Pinnable Properties and Parallel Stacks are also introduced with the new version. Both are great features to improve developers debugging experience and code quality.
.NET on containers are becoming more popular every day, especially after the release of .NET Core versions. Microsoft team also encourages developers to use .NET on containers by inverting more resources on containerization. They are developing an open-source project named Project Tye and they reduced the size of Windows Server Core images.
Updates and upgrades can be a headache for developers. It is a choice between comfort and improvement. I am definitely on the side of improvement rather than comfort. This time the .NET team tries to create comfort on our ports. You can create Dependency Diagrams in Visual Studio and run .NET Portability Analyzer to understand relations, dependency, and portability percentages. These tools give you a better understanding of how to port to .NET Core (or .NET Standard) from .NET Framework. You may find a detailed step by step guide for porting on Microsoft’s documentation.
EF Core 5.0
EF Core is one of the core libraries, especially if you use relational databases with your .NET projects. It is also updated at .NET Conference. EF Core 5.0 is released with 81 major improvements. I think simplified logging, many-to-many relationships, filtered include, and splitting queries are great new features that will help developers.
What is not in .NET 5.0
.NET Foundation doesn’t plan to support the components listed below in the following releases. They are working on a unified platform vision and they need to drop some older features/components on the way to update themselves with new technologies. They also simplified framework names in .NET 5.0 as ‘net5’. Their new version naming convention is as ‘newX.Y-OS’, X stands for the major version, Y stands for minor version and OS is the operating system.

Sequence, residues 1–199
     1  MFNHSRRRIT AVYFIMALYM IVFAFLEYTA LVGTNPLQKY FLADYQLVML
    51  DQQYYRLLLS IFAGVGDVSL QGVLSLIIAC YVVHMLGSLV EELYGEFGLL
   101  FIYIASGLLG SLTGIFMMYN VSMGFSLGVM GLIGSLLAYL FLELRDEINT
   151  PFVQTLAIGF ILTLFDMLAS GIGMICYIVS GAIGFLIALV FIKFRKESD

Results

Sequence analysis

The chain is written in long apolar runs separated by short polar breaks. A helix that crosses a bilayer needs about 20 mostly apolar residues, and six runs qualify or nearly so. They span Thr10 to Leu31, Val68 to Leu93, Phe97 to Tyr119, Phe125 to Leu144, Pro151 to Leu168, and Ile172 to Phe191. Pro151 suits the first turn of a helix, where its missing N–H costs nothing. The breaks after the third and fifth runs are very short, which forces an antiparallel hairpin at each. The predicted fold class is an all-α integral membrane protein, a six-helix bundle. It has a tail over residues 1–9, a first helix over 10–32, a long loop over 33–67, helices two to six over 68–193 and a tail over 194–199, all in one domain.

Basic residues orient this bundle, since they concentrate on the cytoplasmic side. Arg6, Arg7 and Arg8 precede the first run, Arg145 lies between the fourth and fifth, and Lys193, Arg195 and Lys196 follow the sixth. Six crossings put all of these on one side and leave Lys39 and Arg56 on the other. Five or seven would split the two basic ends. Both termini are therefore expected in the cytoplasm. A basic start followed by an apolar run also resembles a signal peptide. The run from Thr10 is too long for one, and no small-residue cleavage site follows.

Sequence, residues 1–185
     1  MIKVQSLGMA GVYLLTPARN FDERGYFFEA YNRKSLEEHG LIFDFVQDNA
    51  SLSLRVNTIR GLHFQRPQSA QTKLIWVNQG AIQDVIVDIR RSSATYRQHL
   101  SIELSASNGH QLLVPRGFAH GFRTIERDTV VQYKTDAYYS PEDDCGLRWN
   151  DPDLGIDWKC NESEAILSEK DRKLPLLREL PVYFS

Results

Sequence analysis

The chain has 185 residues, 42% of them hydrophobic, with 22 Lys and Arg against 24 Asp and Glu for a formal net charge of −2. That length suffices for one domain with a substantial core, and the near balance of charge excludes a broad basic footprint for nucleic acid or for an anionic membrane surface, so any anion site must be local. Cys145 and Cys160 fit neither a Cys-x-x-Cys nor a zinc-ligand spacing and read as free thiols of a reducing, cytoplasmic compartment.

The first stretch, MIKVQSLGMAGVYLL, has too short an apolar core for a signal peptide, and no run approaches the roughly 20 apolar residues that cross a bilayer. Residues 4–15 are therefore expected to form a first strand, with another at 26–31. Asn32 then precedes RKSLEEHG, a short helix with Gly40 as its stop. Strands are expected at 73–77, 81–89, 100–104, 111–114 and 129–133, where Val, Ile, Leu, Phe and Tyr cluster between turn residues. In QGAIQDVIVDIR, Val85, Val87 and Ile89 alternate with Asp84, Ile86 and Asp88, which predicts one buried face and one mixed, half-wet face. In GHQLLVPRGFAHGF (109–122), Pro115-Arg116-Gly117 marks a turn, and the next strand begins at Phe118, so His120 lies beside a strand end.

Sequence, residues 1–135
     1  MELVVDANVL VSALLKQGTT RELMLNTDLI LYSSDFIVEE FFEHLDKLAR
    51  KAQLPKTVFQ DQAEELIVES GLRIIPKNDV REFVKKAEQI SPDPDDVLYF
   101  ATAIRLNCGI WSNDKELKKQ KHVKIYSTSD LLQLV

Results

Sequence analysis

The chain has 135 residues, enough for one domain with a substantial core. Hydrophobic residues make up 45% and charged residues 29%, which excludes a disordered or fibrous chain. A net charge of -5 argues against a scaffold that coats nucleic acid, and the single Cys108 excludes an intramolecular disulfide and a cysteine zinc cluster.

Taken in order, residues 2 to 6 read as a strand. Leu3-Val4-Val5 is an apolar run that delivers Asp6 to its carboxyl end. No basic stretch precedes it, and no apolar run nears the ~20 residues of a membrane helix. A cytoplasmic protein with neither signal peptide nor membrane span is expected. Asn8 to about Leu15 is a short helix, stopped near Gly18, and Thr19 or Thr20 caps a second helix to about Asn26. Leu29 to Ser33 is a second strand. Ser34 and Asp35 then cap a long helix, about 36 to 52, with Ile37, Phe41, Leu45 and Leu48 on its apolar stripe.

.NET 5 on AWS
AWS is one of the corporate sponsors of the .NET Foundation and serves many .NET applications. Therefore, they are keeping up with the latest changes on .NET. You can use most of the new features just released on AWS. Now with ARM64 support, you can use AWS Graviton 2 Processors on EC2 instances with .NET.
As I mentioned earlier, .NET 5 offers huge performance improvements in gRPC communication. AWS also announced gRPC support on Application Load Balancers at the end of October 2020. So you are able to create well-architected, high performing, load-balanced microservices on AWS with .NET 5.0.
Also, AWS SDK for .NET gets updated nearly every day to support the latest changes on .NET frameworks.
.NET 5.0 is Preparation for Unified Future of .NET Platform
NET 5.0 is just another big release and the .NET Conference was really exciting for developers. But the .NET team doesn’t stop here. They already started to work on .NET 6.0 and here is their roadmap. They plan to release the next major version in November 2021. And as a minor reminder, .NET 5.0 is not an LTS (Long Term Support) version but 6.0 will be. I always support modernization with every stable version as this is the only way we can follow the newest and best technology.
İren Saltalı, ex-CTO and Co-founder of image4io, is currently working as .NET Consultant at Kloia.